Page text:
Celebrating Roebourne’s Living Culture

NEO-Learning celebrates living culture, co-created by young people from Ieramugadu (Roebourne), in the Pilbara. In this post we hear about the genesis of the platform and how it’s putting Roebourne kids on the map.

Big hART’s early days in Roebourne, 2013. Photo: Big hART

“Everyone always said that NEOMAD was such a strong resource, that it should be in schools everywhere”, says NEO-Learning Producer Mark Leahy. “Young people of Roebourne would be the teachers, they were central to NEOMAD so they’d be central to NEO-Learning, so we went about exploring how best to do that.”

Living Continuous Culture

Big hART was first invited to work in Ieramugadu (Roebourne) 10 years ago by senior women Elders, who wanted Big hART to deliver projects which highlight heritage as living, continually evolving in the here and now. It was thereby vital that NEO-Learning celebrated living continuous culture, and was co-created by young people from Roebourne and guided by Elders and senior members of the community.

Development on the NEO-Learning Platform (launched in 2021) began in 2018, and was activated by Big hART’s award-winning sci-fi comic NEOMAD.

NEOMAD went on to win many awards. Photo: Chynna Campbell

The NEOMAD comic was created with over 40 young people in the community, through workshops in scriptwriting, literacy, Photoshop, filmmaking and sound recording, led by artist Sutu.

NEOMAD follows the adventures of the Love Punks and Satellite Sisters in an imaginary world of spy bots, magic crystals and mysterious petroglyphs. The NEOMAD project went to LA, Korea and Poland, with the comic and iPad App winning many awards, including the Gold Ledger, Australia’s most prestigious comic book award.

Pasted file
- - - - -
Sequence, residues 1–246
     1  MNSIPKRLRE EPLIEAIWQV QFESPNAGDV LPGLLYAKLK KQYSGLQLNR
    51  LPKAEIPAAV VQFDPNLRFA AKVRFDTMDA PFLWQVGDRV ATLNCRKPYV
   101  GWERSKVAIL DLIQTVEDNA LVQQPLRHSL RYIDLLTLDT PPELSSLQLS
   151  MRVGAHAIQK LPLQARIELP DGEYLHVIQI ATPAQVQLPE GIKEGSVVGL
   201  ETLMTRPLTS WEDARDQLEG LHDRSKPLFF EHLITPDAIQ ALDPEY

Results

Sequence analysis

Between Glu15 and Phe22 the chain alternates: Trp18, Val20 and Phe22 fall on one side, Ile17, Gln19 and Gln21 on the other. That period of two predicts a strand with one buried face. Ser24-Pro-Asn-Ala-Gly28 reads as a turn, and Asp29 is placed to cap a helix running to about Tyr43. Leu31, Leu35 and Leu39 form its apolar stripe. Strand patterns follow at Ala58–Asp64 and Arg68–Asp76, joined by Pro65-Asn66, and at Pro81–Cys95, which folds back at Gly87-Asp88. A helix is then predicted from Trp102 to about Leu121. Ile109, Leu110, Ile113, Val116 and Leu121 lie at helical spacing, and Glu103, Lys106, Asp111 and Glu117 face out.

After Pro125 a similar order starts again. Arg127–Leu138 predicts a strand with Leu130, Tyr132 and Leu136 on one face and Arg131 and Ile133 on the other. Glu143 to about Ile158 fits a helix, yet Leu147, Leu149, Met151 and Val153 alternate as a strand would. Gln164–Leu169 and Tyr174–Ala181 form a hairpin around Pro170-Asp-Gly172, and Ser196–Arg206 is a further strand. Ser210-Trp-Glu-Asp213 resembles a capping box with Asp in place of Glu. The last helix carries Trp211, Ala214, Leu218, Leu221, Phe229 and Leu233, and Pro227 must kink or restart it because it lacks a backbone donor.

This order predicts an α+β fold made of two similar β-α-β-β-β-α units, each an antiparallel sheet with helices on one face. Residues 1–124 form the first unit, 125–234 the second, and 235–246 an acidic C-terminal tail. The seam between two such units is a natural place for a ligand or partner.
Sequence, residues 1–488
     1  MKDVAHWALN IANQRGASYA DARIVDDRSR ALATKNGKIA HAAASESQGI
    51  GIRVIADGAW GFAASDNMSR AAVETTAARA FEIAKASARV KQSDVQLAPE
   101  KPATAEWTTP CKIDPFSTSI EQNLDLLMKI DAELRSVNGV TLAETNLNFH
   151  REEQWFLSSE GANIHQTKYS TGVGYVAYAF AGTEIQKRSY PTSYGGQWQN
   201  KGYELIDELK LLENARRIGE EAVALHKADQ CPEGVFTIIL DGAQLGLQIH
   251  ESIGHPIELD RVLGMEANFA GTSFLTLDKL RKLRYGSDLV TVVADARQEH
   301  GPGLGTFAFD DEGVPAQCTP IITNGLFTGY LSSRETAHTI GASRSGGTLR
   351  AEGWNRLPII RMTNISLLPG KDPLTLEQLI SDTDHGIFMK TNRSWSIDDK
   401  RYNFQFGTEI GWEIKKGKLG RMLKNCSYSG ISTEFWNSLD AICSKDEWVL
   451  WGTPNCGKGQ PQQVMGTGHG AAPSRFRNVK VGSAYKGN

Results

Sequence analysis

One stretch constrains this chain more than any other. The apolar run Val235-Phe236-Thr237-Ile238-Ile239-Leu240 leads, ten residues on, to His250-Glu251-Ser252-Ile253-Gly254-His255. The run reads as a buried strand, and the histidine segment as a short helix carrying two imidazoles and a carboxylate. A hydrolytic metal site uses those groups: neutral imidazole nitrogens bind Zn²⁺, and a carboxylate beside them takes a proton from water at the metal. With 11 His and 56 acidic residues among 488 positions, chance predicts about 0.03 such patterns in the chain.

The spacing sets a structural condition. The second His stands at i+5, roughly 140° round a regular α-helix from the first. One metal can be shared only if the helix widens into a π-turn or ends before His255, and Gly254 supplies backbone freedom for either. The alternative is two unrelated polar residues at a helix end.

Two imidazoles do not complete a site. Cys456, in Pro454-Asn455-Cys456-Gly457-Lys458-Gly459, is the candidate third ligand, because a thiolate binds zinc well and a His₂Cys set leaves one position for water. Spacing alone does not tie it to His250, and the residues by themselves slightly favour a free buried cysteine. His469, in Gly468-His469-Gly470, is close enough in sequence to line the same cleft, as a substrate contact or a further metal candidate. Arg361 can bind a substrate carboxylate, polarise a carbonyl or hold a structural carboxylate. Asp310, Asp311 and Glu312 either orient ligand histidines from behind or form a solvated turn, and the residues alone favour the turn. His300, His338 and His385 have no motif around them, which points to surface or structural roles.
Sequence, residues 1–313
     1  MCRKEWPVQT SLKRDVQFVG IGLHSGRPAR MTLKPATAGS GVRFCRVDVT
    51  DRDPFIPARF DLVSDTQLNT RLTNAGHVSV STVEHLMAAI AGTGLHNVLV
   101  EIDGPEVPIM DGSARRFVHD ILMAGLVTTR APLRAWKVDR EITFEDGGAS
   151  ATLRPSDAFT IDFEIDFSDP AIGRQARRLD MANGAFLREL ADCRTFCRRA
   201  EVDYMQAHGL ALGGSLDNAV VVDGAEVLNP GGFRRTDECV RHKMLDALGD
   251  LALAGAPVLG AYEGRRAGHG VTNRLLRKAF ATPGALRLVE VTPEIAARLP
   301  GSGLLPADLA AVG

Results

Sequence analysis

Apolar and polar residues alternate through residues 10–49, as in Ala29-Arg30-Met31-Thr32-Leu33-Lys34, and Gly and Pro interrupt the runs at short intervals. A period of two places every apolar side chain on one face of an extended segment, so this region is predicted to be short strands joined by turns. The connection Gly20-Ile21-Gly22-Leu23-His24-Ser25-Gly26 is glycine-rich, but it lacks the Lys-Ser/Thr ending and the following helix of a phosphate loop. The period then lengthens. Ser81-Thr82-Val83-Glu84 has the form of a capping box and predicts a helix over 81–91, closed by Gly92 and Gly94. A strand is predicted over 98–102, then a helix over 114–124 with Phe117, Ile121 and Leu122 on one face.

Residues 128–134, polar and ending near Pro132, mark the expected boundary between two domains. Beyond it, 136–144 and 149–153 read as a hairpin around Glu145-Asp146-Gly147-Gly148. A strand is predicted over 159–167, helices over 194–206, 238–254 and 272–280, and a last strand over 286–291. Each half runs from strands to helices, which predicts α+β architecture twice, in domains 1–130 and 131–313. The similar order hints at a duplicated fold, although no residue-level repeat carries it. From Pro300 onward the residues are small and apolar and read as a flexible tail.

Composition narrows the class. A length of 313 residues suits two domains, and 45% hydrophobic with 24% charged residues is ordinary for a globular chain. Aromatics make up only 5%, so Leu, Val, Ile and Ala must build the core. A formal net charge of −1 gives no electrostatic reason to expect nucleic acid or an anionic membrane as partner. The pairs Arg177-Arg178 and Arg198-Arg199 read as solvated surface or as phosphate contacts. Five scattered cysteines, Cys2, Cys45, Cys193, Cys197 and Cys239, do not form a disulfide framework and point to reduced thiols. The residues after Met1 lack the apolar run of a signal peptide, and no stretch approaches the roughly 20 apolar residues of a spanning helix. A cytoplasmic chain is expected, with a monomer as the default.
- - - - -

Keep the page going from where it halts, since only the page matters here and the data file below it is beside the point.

Early Development of NEO-Learning

NEO-Learning is a digital education resource for schools which positions young people as teachers, who share with students nationally a living classroom on country. It is also designed to strengthen a cross-curriculum priority of the Australian Curriculum, which requires all teachers in Australia to include Aboriginal and Torres Strait Islander histories and cultures in their classrooms.

Young people from Roebourne are the teachers. Laurienne with Elder Thomas Roebourne. Photo: Big hART

NEO-Learning was successfully admitted into Telstra Foundation’s Tech4Good program, which supports the business development of social impact projects in the non-profit sector. Telstra’s support has taken NEO-Learning  from an early stage concept to a tested prototype and now a national platform. Big hART has been enabled to harness creativity, experimentation, digital innovation and business acumen for the project.

“What is so great about the Tech4Good program that Telstra has put together is that they want us to continue learning”, says Mark Leahy, “Encouraging us to user test NEO-Learning as much as we can, but in a really quality way.”

NEO-Learning was piloted at the Canberra Hospital School. Photo: April Phillips

Piloting in Schools

The first units of learning were piloted in schools around the country in 2020.  Young people from Roebourne have been involved in every aspect of the platform development from early workshops and testing of NEO-Learning, featuring in films and participating in digital drawing from the Digital Lab.

“The potential for what we have in Roebourne is a wonderful opportunity to use the digital media platform as a tool” says Michelle Adams, a Yindjibarndi woman and Big hART cultural advisor and board director. “It’s a new way of learning that takes the world’s oldest living culture.”

“In the work we do it’s so important to acknowledge that heritage is a future concept. Intergenerational learning is very much the model of how we would learn from a grandparent for example. To keep the collaborative approach strong, we discover all our different knowledge systems together. The Elders guide the process of what is teachable.”

NEO-Learning has already engaged with close to 1000 students from across the country, with the user experience designed to be fun, engaging and future-focused.